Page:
Okay, before I waste too much of your time, let me quickly share those tips for working in small spaces.
Tips for working in tiny spaces
Assemble as much as you can outside the tiny space and then gently maneuver everything into place. The table, shelf, and all the bits that fit on top were made outside the lantern using the cardboard template as a guide.
When adding larger pieces inside the lantern, work from the back towards the front. If you’re making a fairy scene inside a mason jar, work from the bottom up.
Plan the scene and play around with the layout before putting the final look together. This miniature-making guide will help a lot in planning your scene.
My go-to tools when assembling a miniature are tweezers and glue with a precision nozzle tip. Tweezers help with fine tweaking and can get into spots that chubby fingers can’t, and glue makes things stay put. Glue any small pieces down on larger pieces before adding them inside the lantern or whatever you choose to house your tiny world.
On that note, save all those tiny, miniature creations in a zip lock bag. They are so easy to lose on a messy crafting table.
And finally, make sure to clean the glass inside and out and remove any labels before assembling the little miniature scene.
Trust me on this one; the last thing you want is a huge fingerprint blocking the view.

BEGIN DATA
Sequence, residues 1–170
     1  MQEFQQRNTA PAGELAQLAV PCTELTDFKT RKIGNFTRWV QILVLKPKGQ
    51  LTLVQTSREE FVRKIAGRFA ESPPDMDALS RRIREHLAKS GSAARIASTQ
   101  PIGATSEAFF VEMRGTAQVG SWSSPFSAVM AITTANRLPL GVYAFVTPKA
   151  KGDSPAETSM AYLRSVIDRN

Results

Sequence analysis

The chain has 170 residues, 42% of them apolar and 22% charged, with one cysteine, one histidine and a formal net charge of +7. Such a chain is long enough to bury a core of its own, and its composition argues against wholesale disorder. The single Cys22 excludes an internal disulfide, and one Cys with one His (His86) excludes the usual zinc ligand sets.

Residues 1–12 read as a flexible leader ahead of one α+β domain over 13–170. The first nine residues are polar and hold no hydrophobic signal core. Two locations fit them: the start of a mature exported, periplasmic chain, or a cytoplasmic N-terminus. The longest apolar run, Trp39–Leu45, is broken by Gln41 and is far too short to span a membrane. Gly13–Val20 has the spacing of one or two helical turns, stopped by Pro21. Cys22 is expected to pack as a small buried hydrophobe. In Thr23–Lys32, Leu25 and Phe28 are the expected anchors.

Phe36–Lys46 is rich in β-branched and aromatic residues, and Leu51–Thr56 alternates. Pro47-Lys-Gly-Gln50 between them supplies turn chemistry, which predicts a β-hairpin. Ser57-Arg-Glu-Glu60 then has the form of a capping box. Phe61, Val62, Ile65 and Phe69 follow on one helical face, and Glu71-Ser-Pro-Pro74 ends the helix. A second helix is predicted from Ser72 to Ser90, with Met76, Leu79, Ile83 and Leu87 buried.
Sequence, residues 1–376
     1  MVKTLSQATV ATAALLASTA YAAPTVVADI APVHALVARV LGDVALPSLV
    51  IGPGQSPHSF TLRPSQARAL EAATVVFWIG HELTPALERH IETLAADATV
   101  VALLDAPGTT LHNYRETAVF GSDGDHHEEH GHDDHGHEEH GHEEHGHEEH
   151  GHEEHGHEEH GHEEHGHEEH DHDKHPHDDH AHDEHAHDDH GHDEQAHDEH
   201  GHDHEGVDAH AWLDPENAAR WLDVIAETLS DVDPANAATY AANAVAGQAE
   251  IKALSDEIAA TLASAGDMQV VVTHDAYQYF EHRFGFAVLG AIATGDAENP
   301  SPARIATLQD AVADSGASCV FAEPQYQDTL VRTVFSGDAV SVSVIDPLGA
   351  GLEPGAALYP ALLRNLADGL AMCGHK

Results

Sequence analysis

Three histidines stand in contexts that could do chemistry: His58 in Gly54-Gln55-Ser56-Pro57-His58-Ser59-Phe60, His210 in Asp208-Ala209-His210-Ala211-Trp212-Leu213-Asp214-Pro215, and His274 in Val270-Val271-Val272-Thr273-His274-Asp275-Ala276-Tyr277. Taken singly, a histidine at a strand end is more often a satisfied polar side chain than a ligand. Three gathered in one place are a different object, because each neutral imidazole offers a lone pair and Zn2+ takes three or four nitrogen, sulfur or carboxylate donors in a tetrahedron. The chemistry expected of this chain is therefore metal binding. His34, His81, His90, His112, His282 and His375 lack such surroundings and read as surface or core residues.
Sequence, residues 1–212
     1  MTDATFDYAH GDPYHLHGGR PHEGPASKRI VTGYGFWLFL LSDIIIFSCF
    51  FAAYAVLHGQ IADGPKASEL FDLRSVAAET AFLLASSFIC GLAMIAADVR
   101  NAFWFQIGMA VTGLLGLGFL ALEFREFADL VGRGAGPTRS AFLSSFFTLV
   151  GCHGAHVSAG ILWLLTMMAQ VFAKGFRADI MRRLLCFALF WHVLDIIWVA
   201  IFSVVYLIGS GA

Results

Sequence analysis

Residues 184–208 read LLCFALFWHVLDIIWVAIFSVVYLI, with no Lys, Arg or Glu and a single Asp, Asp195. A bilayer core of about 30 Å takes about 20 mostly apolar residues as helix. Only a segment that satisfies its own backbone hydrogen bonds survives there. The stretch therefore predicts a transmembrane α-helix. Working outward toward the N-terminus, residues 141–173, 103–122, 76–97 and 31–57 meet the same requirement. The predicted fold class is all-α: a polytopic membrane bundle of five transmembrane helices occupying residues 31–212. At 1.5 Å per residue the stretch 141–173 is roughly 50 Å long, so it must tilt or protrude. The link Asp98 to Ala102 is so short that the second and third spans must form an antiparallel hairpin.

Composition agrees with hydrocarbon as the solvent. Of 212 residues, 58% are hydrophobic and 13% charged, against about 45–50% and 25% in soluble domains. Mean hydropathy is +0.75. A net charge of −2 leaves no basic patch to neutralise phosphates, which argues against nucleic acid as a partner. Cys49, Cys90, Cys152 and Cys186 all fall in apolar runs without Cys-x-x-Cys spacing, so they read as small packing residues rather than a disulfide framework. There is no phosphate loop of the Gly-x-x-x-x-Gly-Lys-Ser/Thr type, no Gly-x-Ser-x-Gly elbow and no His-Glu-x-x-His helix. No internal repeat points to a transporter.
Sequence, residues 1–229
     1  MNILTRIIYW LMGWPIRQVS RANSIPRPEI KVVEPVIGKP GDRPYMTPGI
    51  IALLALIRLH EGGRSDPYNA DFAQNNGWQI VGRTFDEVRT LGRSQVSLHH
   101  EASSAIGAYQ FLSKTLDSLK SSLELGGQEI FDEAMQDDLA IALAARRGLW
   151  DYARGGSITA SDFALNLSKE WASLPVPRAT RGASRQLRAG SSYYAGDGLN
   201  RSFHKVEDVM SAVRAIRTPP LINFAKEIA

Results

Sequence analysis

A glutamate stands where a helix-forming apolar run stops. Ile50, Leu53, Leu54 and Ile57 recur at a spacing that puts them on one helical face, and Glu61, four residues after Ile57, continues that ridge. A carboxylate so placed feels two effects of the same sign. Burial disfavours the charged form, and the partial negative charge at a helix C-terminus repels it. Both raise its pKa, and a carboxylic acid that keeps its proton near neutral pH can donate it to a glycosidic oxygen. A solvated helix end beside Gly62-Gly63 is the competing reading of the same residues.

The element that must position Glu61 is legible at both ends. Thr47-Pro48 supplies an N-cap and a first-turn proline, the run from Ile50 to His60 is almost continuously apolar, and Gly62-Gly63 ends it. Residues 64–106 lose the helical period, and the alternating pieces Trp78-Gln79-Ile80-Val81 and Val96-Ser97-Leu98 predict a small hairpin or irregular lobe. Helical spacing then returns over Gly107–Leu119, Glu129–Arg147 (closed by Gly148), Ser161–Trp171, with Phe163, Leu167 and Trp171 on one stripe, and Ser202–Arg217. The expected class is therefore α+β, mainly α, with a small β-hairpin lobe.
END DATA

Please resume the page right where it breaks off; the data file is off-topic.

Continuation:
I hope you enjoyed the post and that the tips help a little when you create your own miniature worlds in tiny spaces.
And if you like the idea of making a pixie den lantern, don’t forget to pin it for later.
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Want a few more teeny, tiny tutorials to get crafty with? You’ll find a whole bunch on the blog, including:
- A tiny world in a book nook;
- Sands of Time hourglass;
- Fairy beach in a wine glass cloche;
- A whole kokedama village;
- Real miniature toilet rolls;
- Victorian long drop toilet;
- Working grandfather clock;
- A stool sample and reading glasses;
- Fairy throne in an altered bottle;
- and a porch swing in an old clock.
Oh, and if you’re looking for some of the things we used, we’ve got you covered. Disclosure: Clicking on the links below means we may receive a commission from Amazon. But don’t worry, it won’t come out of your pocket, and it helps us make more amazing crafts to share with you 😉
And if you prefer to buy rather than DIY, then maybe these beauties will appeal.
And as always, wishing you a wonderful, crafty week filled with lots of love. Thank you for popping in for a visit.